Mr. Looney said in a statement that he was “confident that these difficult decisions” will better enable the company to compete as the energy industry changes.
BP’s share price was down about 4 percent in morning trading.
China’s tries to rebound, but its movie theaters remain closed.
China had nearly eradicated the Covid-19 virus within its borders last month, but that was not enough to get the country’s consumers spending again — and with a new outbreak in Beijing over the past several days, a full economic recovery could be even farther away.
Restaurants, bars and shopping malls were open across China last month except for a small area near the border with North Korea and Russia, which had a coronavirus outbreak in May. But retail sales nonetheless fell 2.8 percent nationwide in May compared to a year ago.
The weak result, which was worse than most economists expected, is likely to trigger renewed discussion over a politically difficult question: whether to reopen the country’s cinemas, which are practically the only large category of retail spending that remains completely closed.
The closure of cinemas has been a big blow to shopping malls, at a time when a lot of purchasing is already moving online. Malls in China and around the world rely heavily on cinemas to draw people out of their homes, with the hope that they will stay after the movies to dine or shop. Unlike the malls, car dealerships had a fairly good month in May, with sales up 1.9 percent from an already strong month last year.
But Xi Jinping, the country’s leader, said at the end of March that cinemas were not needed, and no one has dared to challenge his decision publicly since then.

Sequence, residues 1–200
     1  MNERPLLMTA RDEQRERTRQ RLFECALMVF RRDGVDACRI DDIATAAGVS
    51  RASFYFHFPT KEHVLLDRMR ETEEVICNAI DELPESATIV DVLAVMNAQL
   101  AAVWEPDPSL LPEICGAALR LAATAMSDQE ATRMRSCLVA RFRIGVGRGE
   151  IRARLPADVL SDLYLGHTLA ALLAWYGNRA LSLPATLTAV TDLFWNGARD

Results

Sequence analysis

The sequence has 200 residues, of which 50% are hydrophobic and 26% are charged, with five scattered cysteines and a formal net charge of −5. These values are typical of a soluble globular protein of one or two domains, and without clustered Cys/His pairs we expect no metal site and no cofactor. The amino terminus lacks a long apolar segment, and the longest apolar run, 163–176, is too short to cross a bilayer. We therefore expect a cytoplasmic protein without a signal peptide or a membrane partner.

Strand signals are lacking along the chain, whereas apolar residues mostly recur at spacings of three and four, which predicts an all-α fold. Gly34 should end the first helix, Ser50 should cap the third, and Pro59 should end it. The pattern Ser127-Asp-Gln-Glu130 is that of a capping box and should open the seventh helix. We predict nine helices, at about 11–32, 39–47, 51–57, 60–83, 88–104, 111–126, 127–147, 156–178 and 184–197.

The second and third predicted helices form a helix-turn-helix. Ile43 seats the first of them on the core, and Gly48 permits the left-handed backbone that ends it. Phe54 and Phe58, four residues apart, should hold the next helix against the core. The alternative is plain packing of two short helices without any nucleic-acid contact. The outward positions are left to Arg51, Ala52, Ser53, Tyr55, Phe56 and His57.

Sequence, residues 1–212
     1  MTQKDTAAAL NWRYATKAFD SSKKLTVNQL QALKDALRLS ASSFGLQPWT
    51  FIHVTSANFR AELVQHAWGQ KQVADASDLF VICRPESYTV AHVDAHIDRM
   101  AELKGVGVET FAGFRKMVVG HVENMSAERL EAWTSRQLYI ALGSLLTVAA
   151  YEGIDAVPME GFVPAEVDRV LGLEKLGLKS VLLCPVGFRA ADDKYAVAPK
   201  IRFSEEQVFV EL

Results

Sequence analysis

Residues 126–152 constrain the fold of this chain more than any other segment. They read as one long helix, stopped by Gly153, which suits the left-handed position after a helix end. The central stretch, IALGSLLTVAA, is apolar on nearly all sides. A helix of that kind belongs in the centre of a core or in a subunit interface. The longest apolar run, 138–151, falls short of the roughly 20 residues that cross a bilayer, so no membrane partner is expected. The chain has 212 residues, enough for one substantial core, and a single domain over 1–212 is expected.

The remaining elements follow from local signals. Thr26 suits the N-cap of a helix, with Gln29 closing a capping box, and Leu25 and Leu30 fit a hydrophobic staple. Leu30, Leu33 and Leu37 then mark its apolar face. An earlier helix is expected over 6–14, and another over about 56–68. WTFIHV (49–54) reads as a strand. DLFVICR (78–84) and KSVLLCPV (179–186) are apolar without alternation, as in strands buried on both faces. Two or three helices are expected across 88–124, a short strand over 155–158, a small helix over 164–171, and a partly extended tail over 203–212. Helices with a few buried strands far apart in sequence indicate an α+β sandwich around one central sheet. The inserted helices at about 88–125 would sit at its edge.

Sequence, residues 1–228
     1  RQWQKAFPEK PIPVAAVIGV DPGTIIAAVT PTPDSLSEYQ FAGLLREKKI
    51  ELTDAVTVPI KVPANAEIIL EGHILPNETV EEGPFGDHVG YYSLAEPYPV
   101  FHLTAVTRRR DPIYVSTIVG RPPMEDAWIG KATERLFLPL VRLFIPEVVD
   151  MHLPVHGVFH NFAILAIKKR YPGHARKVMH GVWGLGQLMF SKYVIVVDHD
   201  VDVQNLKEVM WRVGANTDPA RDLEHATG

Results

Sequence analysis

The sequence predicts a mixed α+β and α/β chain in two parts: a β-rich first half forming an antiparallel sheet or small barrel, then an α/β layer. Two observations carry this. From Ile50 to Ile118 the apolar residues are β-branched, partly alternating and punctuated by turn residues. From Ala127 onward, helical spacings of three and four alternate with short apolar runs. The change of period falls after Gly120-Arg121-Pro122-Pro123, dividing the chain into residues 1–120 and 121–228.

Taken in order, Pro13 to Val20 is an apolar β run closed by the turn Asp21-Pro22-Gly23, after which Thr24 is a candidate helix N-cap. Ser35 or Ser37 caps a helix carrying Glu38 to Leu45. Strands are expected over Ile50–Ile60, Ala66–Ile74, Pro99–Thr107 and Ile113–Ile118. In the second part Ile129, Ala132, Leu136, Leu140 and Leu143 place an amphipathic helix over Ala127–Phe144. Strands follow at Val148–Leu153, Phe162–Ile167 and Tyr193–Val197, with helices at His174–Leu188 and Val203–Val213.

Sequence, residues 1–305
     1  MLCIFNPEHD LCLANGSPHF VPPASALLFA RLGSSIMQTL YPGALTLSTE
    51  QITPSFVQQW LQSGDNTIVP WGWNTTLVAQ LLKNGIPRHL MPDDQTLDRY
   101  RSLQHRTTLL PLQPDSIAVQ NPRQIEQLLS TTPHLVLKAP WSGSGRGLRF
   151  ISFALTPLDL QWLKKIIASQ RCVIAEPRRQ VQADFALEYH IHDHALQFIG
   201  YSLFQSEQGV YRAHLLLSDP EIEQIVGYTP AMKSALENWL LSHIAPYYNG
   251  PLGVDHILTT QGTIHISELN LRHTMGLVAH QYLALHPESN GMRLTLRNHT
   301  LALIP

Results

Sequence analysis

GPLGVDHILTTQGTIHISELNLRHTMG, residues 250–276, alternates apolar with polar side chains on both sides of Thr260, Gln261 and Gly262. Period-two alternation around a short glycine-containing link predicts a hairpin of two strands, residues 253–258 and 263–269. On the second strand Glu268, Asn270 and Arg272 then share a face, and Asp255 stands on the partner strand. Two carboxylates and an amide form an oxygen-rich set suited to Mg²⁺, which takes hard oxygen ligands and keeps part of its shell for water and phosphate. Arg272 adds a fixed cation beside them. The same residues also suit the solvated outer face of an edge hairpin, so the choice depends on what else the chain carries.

“If anyone wants to watch a movie, just watch it online,” Mr. Xi said during a visit on March 31 to Hangzhou in east-central China’s Zhejiang province.
Exports were also weak in May. Beijing announced last week that they had fallen 3.3 percent.
Industrial production was up 4.4 percent last month compared to a year ago, also slightly below expectations. Factory output has consistently run well ahead of retail sales this spring, raising worries that unsold inventories may pile up and trigger another round of production cutbacks.
“Tenet” is pushed back, delaying Hollywood’s return to the theaters.
Warner Bros. on Friday pushed back the release of “Tenet,” a $200 million-plus movie from Christopher Nolan that was supposed to arrive in theaters on July 17 and jump-start the pandemic-stricken movie business. Instead, “Tenet” will be released on July 31.
The move means theaters will largely sit fallow for an extra week. Disney’s extravagant “Mulan,” directed by Niki Caro, will now signal the return of megawatt Hollywood movies when it comes out on July 24 — unless Disney also decides that market conditions are too harsh. A Disney spokesman had no immediate comment.